Michael Lopez ‘04 on the NFL, Data, and Bates

Michael+Lopez%2C+the+Senior+Director+of+Data+and+Analytics+at+the+NFL%2C+sat+down+with+the+Student+to+discuss+the+projects+closer+to+his+heart+and+how+he+hopes+Bates+students+can+get+involved.+

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Michael Lopez, the Senior Director of Data and Analytics at the NFL, sat down with the Student to discuss the projects closer to his heart and how he hopes Bates students can get involved.

Ellie Wolfe, Managing Sports Editor

When Michael Lopez ’04 was a student at Bates, having a career in analytics at a major sports league wasn’t an option. 

“There weren’t careers and football data that existed, at least for folks to sort of aim for,” he said. “But now that there is an influx of rich and informative data and [in] a lot of these leagues, there are more job opportunities.”

Those employment options greatly benefited Lopez, a former professor of statistics at Skidmore College: he swapped out academia for professional sports and is now currently serving as the Senior Director of Data and Analytics at the NFL.   

Lopez, who was recently named to The Athletic’s NFL 40 under 40 list, mainly focuses on using different data to learn about football.  

“The game itself is exciting, it’s competitive, it’s fast-paced, and every year it’s something new,” he said. “There’s kind of an endless list of questions our group is tasked with answering.”

Another plus is getting to attend the Super Bowl often, he added. 

Sports statistics and data have always been a passion of his, even when he was a student at Bates where he played football. Lopez wrote his senior thesis on statistics in baseball, since, he says, “there was no good football data out there.” That lack of information inspired him to create and share as much data as he could with the public. So far, he’s succeeded.

“I don’t know if I would call it a grudge, but I definitely carried that with me for several years, to the point that I just wanted a richer set of data out there for football fans, like Mike Lopez from 2003, to be able to look at,” he said. 

That desire, or grudge, as he called it, led him to creating the Big Data Bowl, a competition put on by the league since 2018. Every year, Lopez’s team releases player tracking data from past seasons and a theme. They then give participants a couple months to solve the questions the best they can. According to their official website, contestants in each year’s Big Data Bowl compete for prizes ranging from “game tickets to cash, including a $100,000 prize” during the 2020-21 competition.

It’s basic crowdsourcing, he said. In addition to helping answer questions, many teams and other professional sports leagues hire participants who submit good answers.

“I would encourage folks that are interested in analytics and statistics and computer science to pay attention,” Lopez said. “It’s a job fair, it’s a way of recruiting folks that are talented in the statistics and data science worlds, it’s a way of recruiting them into football because our teams want to hire analysts that can handle this data.”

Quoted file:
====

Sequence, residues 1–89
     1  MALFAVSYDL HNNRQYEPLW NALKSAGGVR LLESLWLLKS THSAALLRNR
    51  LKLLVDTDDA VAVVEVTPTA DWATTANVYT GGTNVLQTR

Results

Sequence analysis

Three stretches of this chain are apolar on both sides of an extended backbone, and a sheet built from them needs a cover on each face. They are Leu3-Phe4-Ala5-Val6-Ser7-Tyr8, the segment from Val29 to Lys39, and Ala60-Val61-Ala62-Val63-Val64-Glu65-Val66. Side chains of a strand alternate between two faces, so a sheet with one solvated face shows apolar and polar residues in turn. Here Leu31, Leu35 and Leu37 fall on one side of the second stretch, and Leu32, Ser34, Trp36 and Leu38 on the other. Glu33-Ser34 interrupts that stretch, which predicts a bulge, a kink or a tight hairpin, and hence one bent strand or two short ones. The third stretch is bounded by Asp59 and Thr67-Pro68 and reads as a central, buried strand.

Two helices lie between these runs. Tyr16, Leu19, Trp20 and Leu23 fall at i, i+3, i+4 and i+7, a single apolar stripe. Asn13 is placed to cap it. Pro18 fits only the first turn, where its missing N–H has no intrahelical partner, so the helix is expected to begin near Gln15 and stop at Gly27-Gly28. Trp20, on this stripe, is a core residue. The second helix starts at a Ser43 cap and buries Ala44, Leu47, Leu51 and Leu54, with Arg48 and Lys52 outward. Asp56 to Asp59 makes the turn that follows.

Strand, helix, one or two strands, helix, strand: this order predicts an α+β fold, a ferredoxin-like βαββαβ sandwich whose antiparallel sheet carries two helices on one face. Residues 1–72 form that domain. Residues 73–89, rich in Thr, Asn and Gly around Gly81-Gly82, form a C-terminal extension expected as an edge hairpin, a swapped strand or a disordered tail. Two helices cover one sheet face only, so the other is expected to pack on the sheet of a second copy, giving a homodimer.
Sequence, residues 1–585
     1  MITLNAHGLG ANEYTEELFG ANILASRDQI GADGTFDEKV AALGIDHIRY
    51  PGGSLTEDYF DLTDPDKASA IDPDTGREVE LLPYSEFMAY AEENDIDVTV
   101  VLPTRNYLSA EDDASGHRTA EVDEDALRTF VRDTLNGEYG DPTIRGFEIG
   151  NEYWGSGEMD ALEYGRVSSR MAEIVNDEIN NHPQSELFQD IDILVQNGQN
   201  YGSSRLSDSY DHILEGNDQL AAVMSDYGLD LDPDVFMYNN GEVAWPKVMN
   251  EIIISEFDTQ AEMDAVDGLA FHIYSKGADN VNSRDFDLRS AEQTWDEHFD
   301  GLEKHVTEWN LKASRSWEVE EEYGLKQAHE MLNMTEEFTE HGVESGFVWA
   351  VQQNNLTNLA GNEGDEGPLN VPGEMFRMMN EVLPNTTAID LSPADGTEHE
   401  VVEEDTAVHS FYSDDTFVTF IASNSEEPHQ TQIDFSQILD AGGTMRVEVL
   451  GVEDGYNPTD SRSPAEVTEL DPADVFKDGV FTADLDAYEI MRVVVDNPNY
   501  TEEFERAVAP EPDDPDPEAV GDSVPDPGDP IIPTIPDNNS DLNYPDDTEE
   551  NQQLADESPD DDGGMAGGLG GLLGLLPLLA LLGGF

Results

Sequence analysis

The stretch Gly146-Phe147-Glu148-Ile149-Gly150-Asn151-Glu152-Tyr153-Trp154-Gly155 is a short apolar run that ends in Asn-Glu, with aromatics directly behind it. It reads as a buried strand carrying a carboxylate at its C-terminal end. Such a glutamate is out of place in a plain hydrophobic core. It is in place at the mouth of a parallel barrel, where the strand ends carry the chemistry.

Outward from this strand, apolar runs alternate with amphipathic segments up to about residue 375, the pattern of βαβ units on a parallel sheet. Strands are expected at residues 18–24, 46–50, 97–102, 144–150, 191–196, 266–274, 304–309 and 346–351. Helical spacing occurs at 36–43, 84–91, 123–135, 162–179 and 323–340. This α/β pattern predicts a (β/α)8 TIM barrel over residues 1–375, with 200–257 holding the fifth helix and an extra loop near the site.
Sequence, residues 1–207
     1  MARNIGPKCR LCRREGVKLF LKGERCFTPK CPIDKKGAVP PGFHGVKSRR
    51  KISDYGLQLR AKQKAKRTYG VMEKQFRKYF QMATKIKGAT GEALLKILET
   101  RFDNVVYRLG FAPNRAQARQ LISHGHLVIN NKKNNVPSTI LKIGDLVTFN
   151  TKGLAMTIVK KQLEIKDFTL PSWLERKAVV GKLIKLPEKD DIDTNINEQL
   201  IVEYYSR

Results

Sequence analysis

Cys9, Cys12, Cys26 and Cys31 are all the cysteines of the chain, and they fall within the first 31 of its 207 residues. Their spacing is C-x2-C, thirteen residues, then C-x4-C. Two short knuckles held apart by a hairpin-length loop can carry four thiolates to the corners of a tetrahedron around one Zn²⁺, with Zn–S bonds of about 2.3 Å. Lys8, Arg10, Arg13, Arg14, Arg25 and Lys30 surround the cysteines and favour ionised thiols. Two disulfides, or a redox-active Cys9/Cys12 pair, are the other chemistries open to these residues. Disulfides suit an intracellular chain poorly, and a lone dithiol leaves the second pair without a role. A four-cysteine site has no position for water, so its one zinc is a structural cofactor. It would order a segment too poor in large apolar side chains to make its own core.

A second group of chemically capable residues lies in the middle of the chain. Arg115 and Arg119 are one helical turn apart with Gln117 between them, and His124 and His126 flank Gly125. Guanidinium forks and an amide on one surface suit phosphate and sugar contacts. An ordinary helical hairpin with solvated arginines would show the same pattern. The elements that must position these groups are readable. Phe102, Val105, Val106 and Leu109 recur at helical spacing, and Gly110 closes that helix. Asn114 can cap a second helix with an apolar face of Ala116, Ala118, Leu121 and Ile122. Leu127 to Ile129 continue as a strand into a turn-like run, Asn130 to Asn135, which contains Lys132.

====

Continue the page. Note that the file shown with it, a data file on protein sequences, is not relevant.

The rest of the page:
In the past three years the event has occurred, over 20 people have been hired to different teams and leagues including the NBA, the MLB, and the MLS. Oftentimes teams have hired participants who haven’t won the competition but showed great creativity in their responses. The San Francisco 49ers, Baltimore Ravens, Jacksonville Jaguars, Cleveland Browns, New York Jets, and Detroit Lions have all hired past submitters.  

To compile the data used for the Big Data Bowl, Lopez and his team work with Next Gen Stats. In the NBA and other sports leagues, teams use cameras to track statistics for their players. In the NFL, however, it’s hard to do that since the players are so close together. Instead, the league uses radio-frequency identification (RFID) tracking data, where they plant two chips on the players’ shoulder pads and get a plethora of statistics from their performance.

The RFID chips are also planted on the uniforms of officials, pylons, sticks and chains, and in the game ball. The chips are able to capture player data including location, speed, distance traveled, and acceleration at a rate of 10 times per second.

“You reduce the 20 players in the field to 20 dots, you can sort of follow them in two dimensions wherever they go,” Lopez said. “There’s kind of like a video game aspect to it. But it also opens up a lot more analyses in football that previously you would have to watch film to get.”

That data is both used for “entertainment and sort of informative purposes,” Lopez said. In 2018, the year he was hired, the league began releasing the data more broadly to all the teams. 

No Bates students have ever entered the Big Data Bowl, but Lopez hopes that will change this year.

“Even if you’re not interested in football, it’s just a good way to sort of get up to date with what analysts are looking at,” he said. “It’s worth a shot, just to give it a look.”